GOP to Obama: Don't break promises

Republicans are warning President Obama not to create "hundreds of thousands of broken promises" by going forward with cuts to Medicare Advantage, a private health insurance alternative for seniors.

In Saturday's GOP address, Rep. Bill Johnson (R-Ohio) said the proposed cuts would conflict with Obama's message that he does not want to get between people and their doctors. 

"Because of Obama Care, many seniors enrolled in the popular Medicare Advantage program are paying higher premiums and out-of-pocket costs,” Johnson said. “Many are losing access to their physicians. And many more will, unless the president takes action."

In an effort to equalize higher Medicare Advantage funding levels with traditional Medicare levels, the healthcare law plans to reduce funding to the program by $200 billion in the next decade.

Medicare Advantage would see payments reduced by 2 percent on average under a proposed plan released in February, though some analysts find it could be higher. The plan is expected to be finalized in April. 

Republicans, the insurance industry and some Democrats have spoken out fiercely against the change. Earlier this week, a group of 200 House members sent a letter to Obama calling on him to keep the rates flat because the cuts are "inconsistent with our healthcare policy goals" of improving care for seniors. Fifty Democrats signed on to the letter.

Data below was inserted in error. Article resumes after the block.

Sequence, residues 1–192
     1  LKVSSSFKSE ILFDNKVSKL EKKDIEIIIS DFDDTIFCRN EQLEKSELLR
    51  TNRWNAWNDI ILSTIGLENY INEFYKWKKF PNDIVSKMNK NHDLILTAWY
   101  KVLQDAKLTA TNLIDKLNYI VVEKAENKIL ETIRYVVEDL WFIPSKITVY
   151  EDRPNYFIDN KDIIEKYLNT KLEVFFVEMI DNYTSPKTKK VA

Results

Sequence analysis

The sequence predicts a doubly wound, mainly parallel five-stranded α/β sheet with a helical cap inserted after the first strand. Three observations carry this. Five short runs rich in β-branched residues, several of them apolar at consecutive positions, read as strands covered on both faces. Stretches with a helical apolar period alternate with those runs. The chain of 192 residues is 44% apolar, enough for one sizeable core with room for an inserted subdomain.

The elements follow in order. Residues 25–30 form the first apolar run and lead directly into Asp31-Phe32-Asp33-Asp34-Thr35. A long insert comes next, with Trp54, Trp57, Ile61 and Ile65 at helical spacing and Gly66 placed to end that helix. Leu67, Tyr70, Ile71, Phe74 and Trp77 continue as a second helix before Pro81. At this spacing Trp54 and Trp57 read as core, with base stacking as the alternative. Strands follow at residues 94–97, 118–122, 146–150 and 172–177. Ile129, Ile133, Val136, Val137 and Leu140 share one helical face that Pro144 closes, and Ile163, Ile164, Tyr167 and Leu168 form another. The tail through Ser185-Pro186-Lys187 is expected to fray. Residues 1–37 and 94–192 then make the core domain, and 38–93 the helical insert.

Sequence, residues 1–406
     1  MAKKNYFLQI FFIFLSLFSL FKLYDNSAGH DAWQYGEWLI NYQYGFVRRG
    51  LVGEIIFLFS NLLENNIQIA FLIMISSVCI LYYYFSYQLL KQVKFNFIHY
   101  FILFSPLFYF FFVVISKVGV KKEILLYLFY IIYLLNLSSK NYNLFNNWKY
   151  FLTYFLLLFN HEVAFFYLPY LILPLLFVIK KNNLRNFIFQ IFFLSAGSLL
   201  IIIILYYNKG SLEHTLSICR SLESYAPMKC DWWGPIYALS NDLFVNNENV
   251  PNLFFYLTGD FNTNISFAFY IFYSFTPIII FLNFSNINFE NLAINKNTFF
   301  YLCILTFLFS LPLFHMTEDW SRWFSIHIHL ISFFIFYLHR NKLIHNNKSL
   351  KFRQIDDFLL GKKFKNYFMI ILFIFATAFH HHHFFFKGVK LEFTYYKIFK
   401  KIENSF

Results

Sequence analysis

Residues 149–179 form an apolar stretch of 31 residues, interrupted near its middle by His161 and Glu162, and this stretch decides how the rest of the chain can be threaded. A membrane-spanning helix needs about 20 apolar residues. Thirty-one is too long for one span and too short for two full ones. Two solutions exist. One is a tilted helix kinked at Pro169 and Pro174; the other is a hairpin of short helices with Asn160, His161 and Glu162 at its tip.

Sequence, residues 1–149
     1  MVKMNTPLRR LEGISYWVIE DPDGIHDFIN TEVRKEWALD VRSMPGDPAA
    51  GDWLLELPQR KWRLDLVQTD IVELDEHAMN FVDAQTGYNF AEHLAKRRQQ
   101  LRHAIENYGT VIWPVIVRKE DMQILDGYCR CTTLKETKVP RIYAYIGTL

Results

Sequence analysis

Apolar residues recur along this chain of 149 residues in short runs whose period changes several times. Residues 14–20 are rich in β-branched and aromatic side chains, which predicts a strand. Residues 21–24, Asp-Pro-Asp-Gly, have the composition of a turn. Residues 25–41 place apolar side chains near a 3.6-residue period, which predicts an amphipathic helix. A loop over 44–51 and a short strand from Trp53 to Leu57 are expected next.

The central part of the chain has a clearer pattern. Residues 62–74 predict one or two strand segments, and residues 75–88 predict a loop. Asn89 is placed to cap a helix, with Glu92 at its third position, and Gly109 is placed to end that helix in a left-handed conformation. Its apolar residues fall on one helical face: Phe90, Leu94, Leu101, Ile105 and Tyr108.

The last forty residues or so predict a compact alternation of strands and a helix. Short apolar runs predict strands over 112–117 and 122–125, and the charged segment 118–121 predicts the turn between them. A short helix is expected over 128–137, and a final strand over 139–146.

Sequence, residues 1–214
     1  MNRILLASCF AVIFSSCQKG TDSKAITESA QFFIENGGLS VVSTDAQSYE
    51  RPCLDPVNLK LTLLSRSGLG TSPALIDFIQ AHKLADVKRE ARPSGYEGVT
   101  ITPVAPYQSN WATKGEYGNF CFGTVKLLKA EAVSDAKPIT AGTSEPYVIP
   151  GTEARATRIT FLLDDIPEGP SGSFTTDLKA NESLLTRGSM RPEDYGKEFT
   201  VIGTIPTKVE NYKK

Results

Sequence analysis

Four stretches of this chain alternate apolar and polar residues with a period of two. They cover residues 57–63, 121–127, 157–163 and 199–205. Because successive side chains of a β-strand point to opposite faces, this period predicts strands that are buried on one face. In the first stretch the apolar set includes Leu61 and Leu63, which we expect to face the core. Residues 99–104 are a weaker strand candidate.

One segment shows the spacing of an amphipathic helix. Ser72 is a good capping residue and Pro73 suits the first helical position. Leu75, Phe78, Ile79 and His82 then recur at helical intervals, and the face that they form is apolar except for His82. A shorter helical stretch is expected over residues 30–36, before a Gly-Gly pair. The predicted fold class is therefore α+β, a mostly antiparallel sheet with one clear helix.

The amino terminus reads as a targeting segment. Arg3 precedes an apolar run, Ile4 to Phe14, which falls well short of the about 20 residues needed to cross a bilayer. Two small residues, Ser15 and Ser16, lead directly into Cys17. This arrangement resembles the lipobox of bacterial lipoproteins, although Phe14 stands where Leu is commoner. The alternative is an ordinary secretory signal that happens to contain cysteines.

"This is about keeping the promises we make to the American people," Johnson said.   

He added that members urged the president "to listen to stories of seniors in Florida paying more money for fewer choices, less access, and far less peace of mind."

"Still nothing,” he declared.

Medicare Advantage, in which Medicare pays a private insurance company to cover costs, makes up about 30 percent of all Medicare enrollees. Johnson said Ohio alone has nearly 800,000 seniors enrolled. 

"Older Americans deserve better," he said. "They deserve the benefits they were promised. If the president won’t help us repeal this law in its entirety, he ought to step up here, do the right thing, and protect our seniors. And he ought to do this soon."